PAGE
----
The Role of Gender

Yesterday, I talked about reading Stephenie Meyer’s new “book” Life and Death. While I was at work, I talked about it with someone I was working with. She was saying that she was following someone’s live tweets as they were reading the book and found it to be hilarious, even if she hadn’t read the book yet. She also talked about how it would be interesting if someone wrote a thesis about the gender swapped books and how people are viewed differently when two people of different genders do the exact same thing in the same situations but get viewed differently because of their gender.

This thought has intrigued me and made me start thinking about it more closely. Even though I haven’t gotten far in the book, I’m already viewing Beau differently than I did when it had been Bella in the situation. When it had been Bella as the main character, I couldn’t help but think “Wow, all you want to do is cook for the men in your life and let the men go out and save you from the scary outside forces and get married and have kids?” Not that it’s a bad thing, necessarily, but today’s modern thought has made us view these things aimed at teenagers a little iffy, as we want more girls to step up and become themselves in society. But with Beau, who is awkward, quiet, and wants to cook for his father, and hate sports made me want to scream at him to go out and do things that guys usually do.

And that made me take a step back. Why does it bother me that a man (or a boy in this case) doesn’t like being active in sports and outdoorsmanship and only wants to read and cook? Why should it bother me that he wants to do the housework that women are typically expected to do? Why can’t women be the breadwinners? This probably reveals how traditional I still am (and probably thousands of others in the United States as well). Even though I consider myself to be a modern person, I’m still traditional in other aspects of my life.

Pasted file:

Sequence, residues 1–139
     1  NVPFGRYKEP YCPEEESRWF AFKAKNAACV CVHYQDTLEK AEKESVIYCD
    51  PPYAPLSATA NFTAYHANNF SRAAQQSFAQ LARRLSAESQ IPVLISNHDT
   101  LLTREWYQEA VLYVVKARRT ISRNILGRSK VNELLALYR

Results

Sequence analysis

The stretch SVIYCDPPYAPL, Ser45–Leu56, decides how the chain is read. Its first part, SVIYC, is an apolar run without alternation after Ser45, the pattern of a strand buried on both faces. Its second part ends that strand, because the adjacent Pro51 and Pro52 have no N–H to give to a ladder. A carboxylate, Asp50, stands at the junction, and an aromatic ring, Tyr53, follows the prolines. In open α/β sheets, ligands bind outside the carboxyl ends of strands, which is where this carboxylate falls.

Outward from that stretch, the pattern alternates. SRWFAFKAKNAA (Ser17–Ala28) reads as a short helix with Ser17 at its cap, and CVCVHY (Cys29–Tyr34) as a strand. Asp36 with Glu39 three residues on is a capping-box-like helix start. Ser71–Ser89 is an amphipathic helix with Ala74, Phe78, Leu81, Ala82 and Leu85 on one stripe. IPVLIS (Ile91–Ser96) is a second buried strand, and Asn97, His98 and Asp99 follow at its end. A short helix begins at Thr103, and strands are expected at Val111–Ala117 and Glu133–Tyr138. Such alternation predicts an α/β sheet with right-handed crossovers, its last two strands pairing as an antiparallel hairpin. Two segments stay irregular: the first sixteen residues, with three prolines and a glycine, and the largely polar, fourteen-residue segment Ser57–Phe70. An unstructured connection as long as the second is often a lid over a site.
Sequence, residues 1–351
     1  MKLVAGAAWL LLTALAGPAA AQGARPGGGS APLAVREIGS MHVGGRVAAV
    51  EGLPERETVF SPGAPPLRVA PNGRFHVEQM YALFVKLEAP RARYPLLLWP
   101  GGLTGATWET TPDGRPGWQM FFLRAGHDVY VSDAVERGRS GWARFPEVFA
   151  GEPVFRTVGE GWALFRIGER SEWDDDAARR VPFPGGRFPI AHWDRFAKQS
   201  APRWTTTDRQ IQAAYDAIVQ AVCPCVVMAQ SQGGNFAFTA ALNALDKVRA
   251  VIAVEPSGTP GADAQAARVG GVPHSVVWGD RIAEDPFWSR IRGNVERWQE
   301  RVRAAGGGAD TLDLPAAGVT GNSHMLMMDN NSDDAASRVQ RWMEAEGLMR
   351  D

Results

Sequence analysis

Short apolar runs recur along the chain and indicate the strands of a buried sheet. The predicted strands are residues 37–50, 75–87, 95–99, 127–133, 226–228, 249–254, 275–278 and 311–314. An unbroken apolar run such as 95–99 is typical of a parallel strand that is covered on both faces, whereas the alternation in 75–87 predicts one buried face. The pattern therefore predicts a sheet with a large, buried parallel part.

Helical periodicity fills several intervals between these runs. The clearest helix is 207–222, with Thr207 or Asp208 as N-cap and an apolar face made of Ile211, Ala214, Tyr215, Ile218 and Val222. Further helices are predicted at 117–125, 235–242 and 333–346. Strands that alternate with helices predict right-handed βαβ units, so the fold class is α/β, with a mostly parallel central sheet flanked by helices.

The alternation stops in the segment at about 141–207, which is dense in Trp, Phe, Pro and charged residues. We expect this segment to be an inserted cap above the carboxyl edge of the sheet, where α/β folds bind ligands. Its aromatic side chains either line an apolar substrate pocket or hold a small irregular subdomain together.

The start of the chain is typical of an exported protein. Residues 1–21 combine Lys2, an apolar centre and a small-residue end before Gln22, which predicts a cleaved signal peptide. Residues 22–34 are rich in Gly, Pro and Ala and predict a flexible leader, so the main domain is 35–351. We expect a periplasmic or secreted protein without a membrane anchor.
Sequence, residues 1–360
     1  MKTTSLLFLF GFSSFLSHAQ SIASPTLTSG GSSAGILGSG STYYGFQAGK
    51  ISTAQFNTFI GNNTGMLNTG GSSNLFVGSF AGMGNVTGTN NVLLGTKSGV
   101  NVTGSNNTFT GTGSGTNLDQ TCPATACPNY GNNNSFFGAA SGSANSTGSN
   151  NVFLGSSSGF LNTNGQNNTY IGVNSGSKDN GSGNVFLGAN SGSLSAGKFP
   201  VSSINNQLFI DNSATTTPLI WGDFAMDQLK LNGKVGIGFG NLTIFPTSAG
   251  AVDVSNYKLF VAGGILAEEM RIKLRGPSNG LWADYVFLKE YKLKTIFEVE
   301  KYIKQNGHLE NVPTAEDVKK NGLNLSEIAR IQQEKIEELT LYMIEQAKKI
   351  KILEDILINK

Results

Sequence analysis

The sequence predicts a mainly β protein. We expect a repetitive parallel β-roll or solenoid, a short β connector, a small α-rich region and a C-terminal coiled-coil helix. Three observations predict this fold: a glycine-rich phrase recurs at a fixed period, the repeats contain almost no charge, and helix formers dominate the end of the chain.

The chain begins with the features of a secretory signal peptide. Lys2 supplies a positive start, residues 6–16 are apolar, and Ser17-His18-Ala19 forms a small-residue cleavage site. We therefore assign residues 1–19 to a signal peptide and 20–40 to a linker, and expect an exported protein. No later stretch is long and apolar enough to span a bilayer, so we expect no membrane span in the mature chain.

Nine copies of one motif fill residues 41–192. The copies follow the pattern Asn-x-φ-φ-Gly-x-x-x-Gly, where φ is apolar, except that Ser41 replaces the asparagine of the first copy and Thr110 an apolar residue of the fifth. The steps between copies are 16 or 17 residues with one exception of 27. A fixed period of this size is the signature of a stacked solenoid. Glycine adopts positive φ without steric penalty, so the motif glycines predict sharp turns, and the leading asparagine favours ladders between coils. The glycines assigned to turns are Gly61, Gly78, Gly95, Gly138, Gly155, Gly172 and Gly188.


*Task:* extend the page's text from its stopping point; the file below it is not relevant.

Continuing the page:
Where should we cut off traditional values? Where should we still be traditional? And what do we need to work on when others want to defy normal expectations, whatever “normal” might be for each of us? Expectations are given to us from all over: from the media, from what has been handed down to us from our ancestors, from what we read. We’re still evolving and pulling back every day and perhaps the only way we can improve ourselves is to continue to scrutinize ourselves and decide what is best for us and how we can fit that in with others without hurting them.

I’m probably not making much sense at this point, but at least I’m thinking about it. Taking a look at what we read and how we affect us is definitely something we need to talk and think about.

What say you?


About Ashley

I'm a writer from the United States.
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